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Antenatal expression of colostrum

11-minute read

Key facts

  • During pregnancy, your breasts produce their first milk, known as colostrum.
  • Colostrum is high in antibodies and other protective substances that help support your newborn baby's immunity, and is easy for newborns to digest.
  • It can be helpful to express colostrum during late pregnancy if your baby is likely to have feeding problems or needs an extra supply of milk after birth.
  • Do not express colostrum during pregnancy if you are at risk of premature labour without first speaking with your doctor, as breast stimulation can also stimulate contractions.
  • Check with your doctor or midwife if you have any questions about expressing colostrum during pregnancy.

What is colostrum?

Your breasts produce their first milk, known as colostrum, from around 16 weeks of pregnancy until the first few days after birth.

Colostrum is a thick, sticky, yellowish liquid. It can leak from your breasts onto the nipples and form yellow crusts. If this happens, you may feel the need to wear absorbent nursing pads.

Colostrum is high in antibodies and other protective substances that help to support your newborn baby’s immunity. Although only a small amount of colostrum is produced, it is very high in energy, protein and fat. Colostrum is also easy for newborns to digest.

When does colostrum appear?

It’s not always obvious that colostrum is being produced until you check, but you may notice that you are making colostrum from around 16 weeks of pregnancy until the first few days after birth.

What are the benefits of expressing colostrum in pregnancy?

There can be benefits to expressing and storing colostrum during pregnancy in case your baby needs it after birth. This might happen if, for example, your baby is at risk of experiencing feeding problems.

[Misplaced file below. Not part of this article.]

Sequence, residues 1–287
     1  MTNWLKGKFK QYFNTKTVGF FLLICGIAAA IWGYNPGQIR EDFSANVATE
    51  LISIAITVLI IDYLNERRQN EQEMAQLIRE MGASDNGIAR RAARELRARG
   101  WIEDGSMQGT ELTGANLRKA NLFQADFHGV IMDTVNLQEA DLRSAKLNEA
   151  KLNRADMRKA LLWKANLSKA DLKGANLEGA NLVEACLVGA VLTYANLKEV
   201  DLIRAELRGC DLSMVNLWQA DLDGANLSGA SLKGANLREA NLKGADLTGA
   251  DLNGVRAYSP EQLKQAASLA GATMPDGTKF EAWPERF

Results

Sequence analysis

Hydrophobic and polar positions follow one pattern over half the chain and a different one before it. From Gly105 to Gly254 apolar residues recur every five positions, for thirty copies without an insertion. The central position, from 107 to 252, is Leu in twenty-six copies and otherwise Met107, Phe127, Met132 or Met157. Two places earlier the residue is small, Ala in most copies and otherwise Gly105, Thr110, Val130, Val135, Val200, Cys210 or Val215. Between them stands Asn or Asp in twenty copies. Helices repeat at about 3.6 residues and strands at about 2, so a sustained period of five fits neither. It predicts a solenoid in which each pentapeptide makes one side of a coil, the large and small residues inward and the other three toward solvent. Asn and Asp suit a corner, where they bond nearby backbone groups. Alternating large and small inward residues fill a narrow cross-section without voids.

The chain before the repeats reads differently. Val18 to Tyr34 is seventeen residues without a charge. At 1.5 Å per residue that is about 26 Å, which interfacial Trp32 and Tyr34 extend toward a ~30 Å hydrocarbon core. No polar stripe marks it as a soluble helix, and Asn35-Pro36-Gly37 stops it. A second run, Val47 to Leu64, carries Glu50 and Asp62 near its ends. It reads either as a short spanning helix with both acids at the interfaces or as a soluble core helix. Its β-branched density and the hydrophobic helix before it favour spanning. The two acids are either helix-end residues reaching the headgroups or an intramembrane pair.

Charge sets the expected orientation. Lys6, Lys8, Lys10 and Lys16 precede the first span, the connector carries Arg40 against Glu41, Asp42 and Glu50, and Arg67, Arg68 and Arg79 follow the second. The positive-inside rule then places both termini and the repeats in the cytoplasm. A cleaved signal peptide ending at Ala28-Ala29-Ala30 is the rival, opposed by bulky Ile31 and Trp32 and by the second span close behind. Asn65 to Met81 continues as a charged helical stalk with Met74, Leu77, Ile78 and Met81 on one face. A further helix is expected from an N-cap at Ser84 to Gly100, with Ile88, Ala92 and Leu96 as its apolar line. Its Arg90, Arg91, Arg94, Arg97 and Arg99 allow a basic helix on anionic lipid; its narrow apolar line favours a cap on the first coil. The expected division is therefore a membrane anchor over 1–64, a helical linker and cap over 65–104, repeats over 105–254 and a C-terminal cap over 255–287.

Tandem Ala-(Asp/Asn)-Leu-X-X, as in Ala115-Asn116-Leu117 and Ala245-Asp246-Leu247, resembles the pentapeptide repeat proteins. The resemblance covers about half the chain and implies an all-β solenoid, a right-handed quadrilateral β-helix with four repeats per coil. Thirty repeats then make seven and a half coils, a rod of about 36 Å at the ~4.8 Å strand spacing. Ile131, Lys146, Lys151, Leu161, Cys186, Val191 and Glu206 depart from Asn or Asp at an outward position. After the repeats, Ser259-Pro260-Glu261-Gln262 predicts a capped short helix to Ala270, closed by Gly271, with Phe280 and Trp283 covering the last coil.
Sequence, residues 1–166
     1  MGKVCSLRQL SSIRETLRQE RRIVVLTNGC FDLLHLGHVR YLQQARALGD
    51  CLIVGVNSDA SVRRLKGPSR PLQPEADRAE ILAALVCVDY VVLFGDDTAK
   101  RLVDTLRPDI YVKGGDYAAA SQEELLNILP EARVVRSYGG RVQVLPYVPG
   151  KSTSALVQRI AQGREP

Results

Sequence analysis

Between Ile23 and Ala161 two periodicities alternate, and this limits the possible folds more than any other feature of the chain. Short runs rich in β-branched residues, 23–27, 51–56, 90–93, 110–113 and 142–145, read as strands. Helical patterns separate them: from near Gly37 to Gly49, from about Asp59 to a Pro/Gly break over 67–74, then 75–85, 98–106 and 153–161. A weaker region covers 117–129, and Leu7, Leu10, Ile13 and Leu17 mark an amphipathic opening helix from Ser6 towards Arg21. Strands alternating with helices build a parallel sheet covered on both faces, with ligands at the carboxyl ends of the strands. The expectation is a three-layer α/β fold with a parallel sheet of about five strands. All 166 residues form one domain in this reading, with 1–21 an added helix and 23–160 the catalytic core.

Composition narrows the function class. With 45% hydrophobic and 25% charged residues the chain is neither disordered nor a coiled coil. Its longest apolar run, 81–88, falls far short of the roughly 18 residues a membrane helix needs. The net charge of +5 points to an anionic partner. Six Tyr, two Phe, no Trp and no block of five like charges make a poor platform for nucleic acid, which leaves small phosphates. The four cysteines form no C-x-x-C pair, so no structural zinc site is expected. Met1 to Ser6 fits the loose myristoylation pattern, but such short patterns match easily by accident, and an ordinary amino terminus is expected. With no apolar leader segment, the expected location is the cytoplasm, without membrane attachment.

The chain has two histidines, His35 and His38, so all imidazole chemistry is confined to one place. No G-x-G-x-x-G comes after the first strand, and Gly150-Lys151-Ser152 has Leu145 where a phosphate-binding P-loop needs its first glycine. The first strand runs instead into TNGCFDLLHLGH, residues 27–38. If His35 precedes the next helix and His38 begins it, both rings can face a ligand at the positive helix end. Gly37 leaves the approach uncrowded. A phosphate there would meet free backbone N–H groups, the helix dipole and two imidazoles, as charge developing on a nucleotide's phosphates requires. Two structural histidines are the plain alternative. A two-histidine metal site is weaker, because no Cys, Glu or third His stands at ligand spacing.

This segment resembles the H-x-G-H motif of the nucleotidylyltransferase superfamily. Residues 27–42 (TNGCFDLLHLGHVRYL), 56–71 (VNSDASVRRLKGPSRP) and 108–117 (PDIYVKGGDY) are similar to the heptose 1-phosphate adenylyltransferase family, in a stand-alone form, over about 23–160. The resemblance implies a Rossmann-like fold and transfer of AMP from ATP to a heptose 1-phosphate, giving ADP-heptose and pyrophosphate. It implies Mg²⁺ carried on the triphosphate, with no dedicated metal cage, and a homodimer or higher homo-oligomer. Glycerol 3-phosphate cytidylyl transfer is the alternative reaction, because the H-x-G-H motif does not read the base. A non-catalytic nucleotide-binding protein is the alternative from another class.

The potential benefits of expressing during pregnancy include:

  • helping to support successful breastfeeding after birth — people who express are generally motivated to do all they can to increase their chances of exclusively breastfeeding their baby
  • building a supply of colostrum is useful in case your baby needs extra feeds and allows you to avoid offering formula top-ups
  • managing potential feeding problems relating to a congenital condition
  • managing feeds for your baby if you have diabetes, which increase the risk of your baby having problems maintaining a normal blood sugar level
  • having a store of colostrum if your baby is likely to need special care and may be separated from you, preventing you from breastfeeding regularly

Why might I have a low supply of breast milk?

Sometimes there are reasons your breasts may not produce as much milk as your baby needs. Storing a small supply of colostrum means the baby can have access to extra kilojoules (energy). These reasons include:

Are there any reasons I shouldn’t express colostrum during pregnancy?

Although there are benefits in expressing colostrum during pregnancy, there are times when it’s not recommended. There is a risk that stimulating the breasts may trigger premature labour.

Don’t try to express milk from your breasts if you:

  • are at risk of, or had threatened premature labour
  • had a cervical suture inserted, or been diagnosed with a short cervix
  • experienced bleeding during your pregnancy
  • have been diagnosed with placenta praevia
  • have been advised by your doctor or midwife not to
  • cannot store colostrum safely and hygienically

If you aren’t sure whether it’s a good idea to express colostrum during pregnancy, check with your doctor or midwife.

When and how do I express colostrum?